11001 Euclid Ave., 216-231-1111, clevelandorchestra.com.
A Final Fling at MOCA
The Museum of Contemporary Art will soon be moving to new facilities just outside University Circle, vacating its present Carnegie Avenue location. To mark the move, MOCA is hosting FINALE, a closing concert and art performance. The expansive musical experience For Philip Gusman, by late composer Morton Feldman, anchors tonight's so-long soirée. The piece will be performed in its four-hour entirety by Madeline Lucas, Shuai Wang Bertalan, and Brian Sweigart, three local musicians and graduates of the Cleveland Institute of Music. High and mournful, Philip Gusman's inclusion in the evening's festivities presumably offers catharsis for those with lingering sadness for the occasion. Meantime, exhibition artist Ben Kinsley's performance 8501 to 11400 will be more forward-looking. He and his merry band (and very likely select audience members) will expressively preview MOCA's forthcoming reincarnation, while also detailing what of its old life will be retained. Tonight's finale will also be the last chance to see the last two exhibitions in MOCA's Carnegie space: 8501 to 11400: On Moving, featuring work by local artists Corrie Slawson, Brandon Juhasz, and Ben Kinsley (yes, him again) and Ursula Rydingsvard's monumental exhibition Sculpture. Light refreshments will be served. The event begins at 7:30 p.m. It's free and open to the public. — Joseph Clark
8501 Carnegie Ave., 216-421-8671, mocacleveland.org.
The Moondog Coronation Ball
Don't be surprised if you spot Rock & Roll hanging around the lobby of your local Social Security office soon. After all, the old coot is well into his seventh decade. We were reminded of this by the fact that tonight is the 60th — 60th! — edition of the Moondog Coronation Ball. Generally acknowledged as the world's first rock concert, the Ball was the brainchild of Cleveland disc jockey Alan Freed, whose credits include coining the very term "rock & roll." Launched in 1952, the first ball came to a riotous end only moments after it began, shut down by fire authorities for overcrowding. While tonight's version at Quicken Loans Arena shouldn't include that kind of excitement, it still sounds pretty cool. On the list of attractions: Alan's son Lance Freed and a performance by Rock and Roll Hall of Fame inductee Sam Moore (of Sam & Dave fame). Plus, there'll be music from Creedence Clearwater Revisited, KC and the Sunshine Band, and Mickey Dolenz of the Monkees. The crowd is usually pretty entertaining too, maybe as proof that rock & roll's attitude is still alive and kicking. Doors open at 5:30, and the concert starts at 7 p.m. Tickets are $67.50, $52.50, and $37.50 by phone, online, at the Q Box office, and at all NEO Discount Drug Marts. Just consider it a kickoff to Induction Week, which culminates April 14 with the 27th Annual Rock and Roll Hall of Fame Induction Ceremony. — Cicora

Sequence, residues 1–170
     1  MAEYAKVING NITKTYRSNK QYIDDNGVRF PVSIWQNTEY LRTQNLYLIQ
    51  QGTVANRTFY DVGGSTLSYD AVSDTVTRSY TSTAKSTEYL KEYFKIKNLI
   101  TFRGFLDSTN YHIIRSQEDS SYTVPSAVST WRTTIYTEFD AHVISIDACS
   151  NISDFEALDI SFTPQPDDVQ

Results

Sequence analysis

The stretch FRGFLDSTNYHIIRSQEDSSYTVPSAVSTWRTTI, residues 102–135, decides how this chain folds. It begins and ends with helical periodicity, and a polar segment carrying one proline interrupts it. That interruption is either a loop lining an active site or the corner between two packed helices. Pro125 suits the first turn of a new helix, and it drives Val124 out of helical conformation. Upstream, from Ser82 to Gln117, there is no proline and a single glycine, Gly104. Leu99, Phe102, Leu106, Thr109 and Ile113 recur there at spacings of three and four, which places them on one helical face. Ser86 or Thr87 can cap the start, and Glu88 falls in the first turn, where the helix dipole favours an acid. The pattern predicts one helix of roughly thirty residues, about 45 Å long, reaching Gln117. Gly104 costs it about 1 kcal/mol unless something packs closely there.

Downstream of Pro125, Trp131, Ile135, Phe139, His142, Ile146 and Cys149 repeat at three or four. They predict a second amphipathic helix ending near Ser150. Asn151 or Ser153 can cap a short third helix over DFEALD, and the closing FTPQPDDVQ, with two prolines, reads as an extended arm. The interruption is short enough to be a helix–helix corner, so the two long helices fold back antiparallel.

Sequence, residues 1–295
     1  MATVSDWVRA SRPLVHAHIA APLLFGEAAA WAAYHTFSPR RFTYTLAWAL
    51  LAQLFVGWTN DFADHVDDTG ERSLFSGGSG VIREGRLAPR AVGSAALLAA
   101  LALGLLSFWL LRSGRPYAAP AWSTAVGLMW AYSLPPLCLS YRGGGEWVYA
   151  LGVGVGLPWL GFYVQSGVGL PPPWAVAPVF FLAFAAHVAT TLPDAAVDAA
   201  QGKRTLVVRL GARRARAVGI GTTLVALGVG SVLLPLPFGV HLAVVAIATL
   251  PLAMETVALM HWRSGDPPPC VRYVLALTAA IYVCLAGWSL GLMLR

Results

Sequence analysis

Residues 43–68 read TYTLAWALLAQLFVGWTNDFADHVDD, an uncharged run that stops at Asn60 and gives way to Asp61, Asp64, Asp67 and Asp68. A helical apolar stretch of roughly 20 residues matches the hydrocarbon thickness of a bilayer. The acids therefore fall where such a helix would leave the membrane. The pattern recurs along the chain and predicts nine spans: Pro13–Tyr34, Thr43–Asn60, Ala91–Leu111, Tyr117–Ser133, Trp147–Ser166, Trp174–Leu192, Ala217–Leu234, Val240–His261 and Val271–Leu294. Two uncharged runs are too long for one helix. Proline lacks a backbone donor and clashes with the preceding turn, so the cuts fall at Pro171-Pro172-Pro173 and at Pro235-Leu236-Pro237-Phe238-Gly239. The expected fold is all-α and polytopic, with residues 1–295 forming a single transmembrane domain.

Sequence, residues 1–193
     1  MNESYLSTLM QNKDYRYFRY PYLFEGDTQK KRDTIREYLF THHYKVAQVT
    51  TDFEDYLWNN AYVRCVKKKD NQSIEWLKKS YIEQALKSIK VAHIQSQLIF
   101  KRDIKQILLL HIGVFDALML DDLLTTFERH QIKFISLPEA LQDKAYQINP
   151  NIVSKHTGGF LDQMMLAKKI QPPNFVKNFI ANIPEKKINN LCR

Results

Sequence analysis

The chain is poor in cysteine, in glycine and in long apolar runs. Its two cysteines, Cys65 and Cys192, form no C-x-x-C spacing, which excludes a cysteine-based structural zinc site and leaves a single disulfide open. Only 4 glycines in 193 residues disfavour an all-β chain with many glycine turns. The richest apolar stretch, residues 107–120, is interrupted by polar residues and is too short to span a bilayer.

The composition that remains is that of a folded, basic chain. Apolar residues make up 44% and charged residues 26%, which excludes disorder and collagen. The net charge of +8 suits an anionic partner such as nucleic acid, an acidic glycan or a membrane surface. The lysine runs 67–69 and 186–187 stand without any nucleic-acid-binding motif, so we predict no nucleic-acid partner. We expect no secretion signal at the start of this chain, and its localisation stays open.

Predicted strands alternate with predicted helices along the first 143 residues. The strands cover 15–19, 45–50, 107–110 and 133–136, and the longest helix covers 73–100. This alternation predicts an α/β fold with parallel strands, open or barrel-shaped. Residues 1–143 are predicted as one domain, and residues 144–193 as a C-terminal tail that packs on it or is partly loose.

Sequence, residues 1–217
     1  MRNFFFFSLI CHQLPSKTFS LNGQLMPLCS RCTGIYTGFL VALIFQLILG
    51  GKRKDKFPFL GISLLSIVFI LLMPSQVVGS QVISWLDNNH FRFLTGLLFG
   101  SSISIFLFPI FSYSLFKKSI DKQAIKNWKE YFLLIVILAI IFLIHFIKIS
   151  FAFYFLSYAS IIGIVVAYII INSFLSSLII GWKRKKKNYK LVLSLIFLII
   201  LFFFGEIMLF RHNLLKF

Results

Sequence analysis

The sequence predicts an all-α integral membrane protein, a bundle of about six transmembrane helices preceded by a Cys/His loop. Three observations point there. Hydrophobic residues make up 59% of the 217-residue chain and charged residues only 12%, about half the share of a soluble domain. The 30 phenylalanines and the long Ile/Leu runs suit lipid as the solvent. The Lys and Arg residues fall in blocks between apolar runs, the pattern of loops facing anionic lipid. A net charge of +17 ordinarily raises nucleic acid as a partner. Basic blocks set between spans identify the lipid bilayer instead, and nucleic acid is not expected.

1 Center Court, 888-894-9424, qarena.com.
Feed the Hungry, Feed the Soul
Wine, food, music, and an auction of original artwork — all crammed inside the art-filled confines of the Lake Erie Screw Building: You can be excused for thinking tonight's Soul Food shindig is a party, not a skirmish in the war against hunger. "It's been a collaborative effort," organizer Jason Weiner says simply. In fact, as vice chair of the Trinity Lakewood Community Outreach program (the outreach arm of Trinity Lutheran Church), Weiner's pretty much been floored by the help he's received. That extends from the 35 artists who have donated original pieces for the live auction, to chef Matt Somich, who is preparing tonight's spread of gourmet soups, fancy sandwiches, and assorted desserts. Also on the schedule: DJ Xe La spinning soul and R&B, and We the People funking it up at the official after party. Maybe best of all, admission is an all-inclusive $10 (cash only, at the door), leaving you with plenty of dough for bidding on silent-auction items like a weekend getaway to Kelleys Island and a Kindle Fire. Check out the TLCO page on Facebook for more information. — Cicora
13000 Athens Ave., Lakewood.
Sunday | 01
At the Lakewood Library
Hey Hey It's the Monkeys!
No joke: Today is April Fools' Day, and what better way to celebrate than with a visit from the Smokin' Fez Monkeys? The self-proclaimed "special ops unit in the war against seriousness" will be serving up their signature combination of silliness and style at Lakewood Public Library beginning at 1 p.m. Their performance is part of the library's free Sunday concert series, which has played host to the 21st-century jug band several times in the past. "Our audiences really pay attention to our musical guests: no musical wallpaper here," says programming and publicity staffer Leana Donofrio-Milovan. "For April Fools' Day, we wanted to have some fun without sacrificing the great musicianship. Who else but the Smokin' Fez Monkeys would fit the bill?" The concert is free and open to the public; no pre-registration is required. — Cicora
15425 Detroit Ave., Lakewood,
216-226-8275 x127, lkwdpl.org.
Monday | 02
Fit for Foodies
The Return of Cleveland Restaurant Week
If one Cleveland Restaurant Week is good — and it is — then two should be even better. Which brings us to this week's food-related festivities, brought to you by the 90-some members of Cleveland Independents. Starting today: three-course prix fixe dinners for $33. Some spots may be higher or lower, depending on their usual pricing, and some may offer value-priced lunches as well. "We're committed to promoting Cleveland as a dining destination," says C.I. prez Marlin Kaplan, executive chef at Dragonfly. "Nothing does that better than promoting our independent restaurants through a program like this." Restaurant Week continues through April 14, with time off for Easter Sunday. Find a complete list of participating restaurants and their menus on the website. — Cicora